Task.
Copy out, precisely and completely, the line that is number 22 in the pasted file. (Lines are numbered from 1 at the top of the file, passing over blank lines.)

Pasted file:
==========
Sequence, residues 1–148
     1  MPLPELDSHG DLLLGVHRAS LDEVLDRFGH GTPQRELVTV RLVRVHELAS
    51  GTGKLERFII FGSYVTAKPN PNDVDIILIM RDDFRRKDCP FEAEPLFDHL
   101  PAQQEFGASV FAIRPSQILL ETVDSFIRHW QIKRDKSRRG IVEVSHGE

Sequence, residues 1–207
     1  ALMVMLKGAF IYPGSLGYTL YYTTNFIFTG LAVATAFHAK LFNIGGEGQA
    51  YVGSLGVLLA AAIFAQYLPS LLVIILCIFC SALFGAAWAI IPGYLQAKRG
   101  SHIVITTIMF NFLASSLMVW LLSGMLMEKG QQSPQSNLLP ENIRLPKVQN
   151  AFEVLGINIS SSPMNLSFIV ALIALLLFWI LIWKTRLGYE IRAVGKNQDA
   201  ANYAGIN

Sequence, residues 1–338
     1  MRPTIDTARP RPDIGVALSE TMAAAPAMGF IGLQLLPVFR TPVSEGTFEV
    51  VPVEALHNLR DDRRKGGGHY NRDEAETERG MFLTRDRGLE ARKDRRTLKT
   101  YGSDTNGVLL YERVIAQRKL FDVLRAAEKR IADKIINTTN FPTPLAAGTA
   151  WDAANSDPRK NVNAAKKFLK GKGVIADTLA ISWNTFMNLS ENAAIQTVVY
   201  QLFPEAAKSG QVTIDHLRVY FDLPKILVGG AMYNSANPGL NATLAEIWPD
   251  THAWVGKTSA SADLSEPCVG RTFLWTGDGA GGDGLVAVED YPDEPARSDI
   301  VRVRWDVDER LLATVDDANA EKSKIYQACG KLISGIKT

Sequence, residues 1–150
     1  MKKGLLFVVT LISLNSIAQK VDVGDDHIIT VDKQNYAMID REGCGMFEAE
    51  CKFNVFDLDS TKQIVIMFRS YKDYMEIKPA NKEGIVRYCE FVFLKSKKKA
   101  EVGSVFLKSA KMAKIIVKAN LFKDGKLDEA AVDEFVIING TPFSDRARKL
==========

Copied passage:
   101  EVGSVFLKSA KMAKIIVKAN LFKDGKLDEA AVDEFVIING TPFSDRARKL